5.1.6 SetTimer()

This service programs a timer event to be signaled in the future. The time is specified in 100 nanosecond (ns) units. UEFI supports both periodic timer events and one-shot timer events. Use these timer events when polling for I/O completions, detecting hot plug events, detecting timeout conditions for I/O operations, supporting asynchronous I/O operations, etc.

Caution: The units used for timer events may appear to have better accuracy than the Stall() service, which has an accuracy of 1 μs, but that may not be the case. UEFI uses a single timer interrupt to determine when to signal timer events. The resolution of timer events is dependent on the frequency of the timer interrupt.

UEFI system firmware uses a hardware timer interrupt to measure time. These. These time measurements are used to determine when enough time has passed to signal a timer event programmed with SetTimer(). In most systems, the timer interrupt is generated every 10 ms to 50 ms, but the UEFI Specification does not require any specific interrupt rate. This lack of specificity means that a periodic timer programmed with a period much smaller than 10 ms may only be signaled every 10 ms to 50 ms. If short delays much smaller than 10 ms are required, use the Stall() service.

TIP: Timer event services are not accurate over short delays. If a short, accurate delay, is required then the Stall() service should be used.

The code fragment in Example 53 shows how to create a timer event and program it as a periodic timer with a period of 100 ms. When the created event is signaled every 100 ms, the notification function TimerHandler() is called at TPL_NOTIFY with the EXAMPLE_DEVICE context that was registered when the event was created. The EDK II library UefiLib provides macros for the timer periods used with the SetTimer() services.

These macros include EFI_TIMER_PERIOD_MICROSECONDS(), EFI_TIMER_PERIOD_MILLISECONDS(), and EFI_TIMER_PERIOD_SECONDS()

The Private Context Structure a UEFI Driver uses to store device specific information usually contains EFI_EVENT fields for the events the UEFI Driver creates. This allows a UEFI Driver to close events when a device is stopped or when a UEFI Driver is unloaded. In this example, the Private Context Structure called EXAMPLE_DEVICE contains an EFI_EVENT for both a periodic and a one-shot timer. The Private Context Structure is also typically passed in as the Context parameter when an event is created. This provides the event notification function with the device specific context required to perform the device specific actions.

Caution: Always close timer events with the UEFI Boot Service CloseEvent() whenever a device is stopped or a UEFI Driver is unloaded. If not performed, a call for an event notification no longer present in memory, or event notification function for a device no longer available, may cause unexpected failures.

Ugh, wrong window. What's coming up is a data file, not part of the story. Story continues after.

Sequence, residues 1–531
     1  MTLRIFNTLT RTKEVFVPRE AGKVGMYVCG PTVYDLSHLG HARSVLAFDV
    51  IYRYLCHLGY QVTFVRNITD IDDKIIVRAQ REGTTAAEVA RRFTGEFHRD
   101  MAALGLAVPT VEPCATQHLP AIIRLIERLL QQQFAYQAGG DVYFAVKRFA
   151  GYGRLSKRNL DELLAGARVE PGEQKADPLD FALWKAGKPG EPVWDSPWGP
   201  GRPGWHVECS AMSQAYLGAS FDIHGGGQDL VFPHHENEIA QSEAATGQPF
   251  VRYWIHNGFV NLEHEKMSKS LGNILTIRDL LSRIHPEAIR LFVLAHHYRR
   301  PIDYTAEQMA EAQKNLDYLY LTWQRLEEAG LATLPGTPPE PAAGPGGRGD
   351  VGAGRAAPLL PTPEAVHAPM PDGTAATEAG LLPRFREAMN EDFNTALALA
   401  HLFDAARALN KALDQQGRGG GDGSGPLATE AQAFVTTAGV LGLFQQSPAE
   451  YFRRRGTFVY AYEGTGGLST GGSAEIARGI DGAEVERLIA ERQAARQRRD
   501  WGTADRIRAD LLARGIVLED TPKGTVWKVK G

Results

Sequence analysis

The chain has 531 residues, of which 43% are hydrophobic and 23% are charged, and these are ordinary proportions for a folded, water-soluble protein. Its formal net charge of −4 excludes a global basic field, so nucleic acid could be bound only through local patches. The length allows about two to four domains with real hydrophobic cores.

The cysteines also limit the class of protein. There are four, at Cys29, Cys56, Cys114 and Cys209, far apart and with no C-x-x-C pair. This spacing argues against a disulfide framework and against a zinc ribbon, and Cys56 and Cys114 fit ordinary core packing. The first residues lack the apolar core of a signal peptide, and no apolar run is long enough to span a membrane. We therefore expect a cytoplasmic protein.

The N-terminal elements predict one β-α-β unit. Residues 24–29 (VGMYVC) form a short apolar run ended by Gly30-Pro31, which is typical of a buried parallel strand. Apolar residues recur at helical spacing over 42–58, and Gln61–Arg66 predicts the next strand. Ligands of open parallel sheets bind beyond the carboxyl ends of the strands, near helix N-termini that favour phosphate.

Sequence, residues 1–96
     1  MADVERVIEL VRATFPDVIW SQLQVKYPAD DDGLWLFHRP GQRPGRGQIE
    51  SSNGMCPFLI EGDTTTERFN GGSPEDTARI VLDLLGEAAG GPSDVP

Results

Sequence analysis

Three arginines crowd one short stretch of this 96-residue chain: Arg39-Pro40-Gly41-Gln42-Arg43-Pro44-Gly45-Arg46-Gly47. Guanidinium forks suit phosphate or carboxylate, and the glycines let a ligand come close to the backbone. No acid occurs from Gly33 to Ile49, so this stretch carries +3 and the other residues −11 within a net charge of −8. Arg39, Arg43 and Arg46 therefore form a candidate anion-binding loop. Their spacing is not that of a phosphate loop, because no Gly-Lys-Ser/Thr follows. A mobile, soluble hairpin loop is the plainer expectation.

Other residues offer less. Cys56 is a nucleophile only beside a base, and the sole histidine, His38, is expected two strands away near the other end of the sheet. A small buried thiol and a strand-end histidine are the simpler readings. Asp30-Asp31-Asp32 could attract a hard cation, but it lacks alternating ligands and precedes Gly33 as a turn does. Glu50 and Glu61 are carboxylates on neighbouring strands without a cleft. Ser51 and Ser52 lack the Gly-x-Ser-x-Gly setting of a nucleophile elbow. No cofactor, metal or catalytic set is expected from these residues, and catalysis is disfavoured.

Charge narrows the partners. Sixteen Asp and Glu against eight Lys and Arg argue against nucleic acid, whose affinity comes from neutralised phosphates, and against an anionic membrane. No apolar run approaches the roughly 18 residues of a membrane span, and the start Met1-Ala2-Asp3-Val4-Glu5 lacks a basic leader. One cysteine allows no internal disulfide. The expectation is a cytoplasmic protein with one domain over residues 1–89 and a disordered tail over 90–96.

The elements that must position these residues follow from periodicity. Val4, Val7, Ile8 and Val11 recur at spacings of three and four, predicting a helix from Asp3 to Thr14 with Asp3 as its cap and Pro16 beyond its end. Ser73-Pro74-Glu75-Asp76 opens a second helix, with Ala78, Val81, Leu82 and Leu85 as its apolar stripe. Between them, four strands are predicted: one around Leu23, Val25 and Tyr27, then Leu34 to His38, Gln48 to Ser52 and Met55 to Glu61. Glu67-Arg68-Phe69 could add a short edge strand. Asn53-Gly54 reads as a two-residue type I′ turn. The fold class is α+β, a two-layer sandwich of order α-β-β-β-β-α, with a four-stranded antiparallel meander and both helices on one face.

Example 53-Create periodic timer event

#include <Uefi.h>
#include <Library/UefiRuntimeServicesTableLib.h>
#include <Library/UefiLib.h>
typedef struct {
UINTN Signature;
EFI_EVENT PeriodicTimer;
EFI_EVENT OneShotTimer;
//
// Other device specific fields
//
} EXAMPLE_DEVICE;
VOID
TimerHandler (
IN EFI_EVENT Event,
IN VOID *Context
)
{
//
// Perform a UEFI driver-specific operation.
//
}
EFI_STATUS Status;
EXAMPLE_DEVICE *Device;
Status = gBS->CreateEvent (
EVT_TIMER | EVT_NOTIFY_SIGNAL, // Type
TPL_NOTIFY, // NotifyTpl
TimerHandler, // NotifyFunction
Device, // NotifyContext
&Device->PeriodicTimer // Event
);
if (EFI_ERROR (Status)) {
return Status;
}
//
// Program the timer event to be signaled every 100 ms.
//
Status = gBS->SetTimer (
Device->PeriodicTimer,
TimerPeriodic,
EFI_TIMER_PERIOD_MILLISECONDS (100)
);
if (EFI_ERROR (Status)) {
return Status;
}

The following code fragment shows how to create a one-shot timer event that is signaled 4 seconds in the future. When the created event is signaled, the notification function TimerHandler() is called at TPL_CALLBACK with the EXAMPLE_DEVICE context that was registered when the event was created.

Example 54-Create one-shot timer event

#include <Uefi.h>
#include <Library/UefiRuntimeServicesTableLib.h>
#include <Library/UefiLib.h>
typedef struct {
UINTN Signature;
EFI_EVENT PeriodicTimer;
EFI_EVENT OneShotTimer;
//
// Other device specific fields
//
} EXAMPLE_DEVICE;
VOID
TimerHandler (
IN EFI_EVENT Event,
IN VOID *Context
)
{
//
// Perform a UEFI driver-specific operation.
//
}
EFI_STATUS Status;
EXAMPLE_DEVICE *Device;
Status = gBS->CreateEvent (
EVT_TIMER | EVT_NOTIFY_SIGNAL, // Type
TPL_CALLBACK, // NotifyTpl
TimerHandler, // NotifyFunction
Device, // NotifyContext
&Device->OneShotTimer // Event
);
if (EFI_ERROR (Status)) {
return Status;
}
//
// Program the timer event to be signaled 4 seconds from now.
//
Status = gBS->SetTimer (
Device->OneShotTimer,
TimerRelative,
EFI_TIMER_PERIOD_SECONDS (4)
);
if (EFI_ERROR (Status)) {
return Status;
}

The code fragment below shows how to cancel and close the one-shot timer created in Example 54 above. If the UEFI Driver completes an I/O operation normally, any timer events used to detect timeout conditions must be canceled. If the timeout condition is only used as part of device detection, the timer event may not be required again. In those cases, the event can be both canceled and closed.

Example 55-Cancel and close one-shot timer event

#include <Uefi.h>
#include <Library/UefiRuntimeServicesTableLib.h>
#include <Library/UefiLib.h>
typedef struct {
UINTN Signature;
EFI_EVENT PeriodicTimer;
EFI_EVENT OneShotTimer;
//
// Other device specific fields
//
} EXAMPLE_DEVICE;
EFI_STATUS Status;
EXAMPLE_DEVICE *Device;
//
// Cancel the one-shot timer event.
//
Status = gBS->SetTimer (Device->OneShotTimer, TimerCancel, 0);
if (EFI_ERROR (Status)) {
return Status;
}
//
// Close the one-shot timer event.
//
Status = gBS->CloseEvent (Device->OneShotTimer);
if (EFI_ERROR (Status)) {
return Status;
}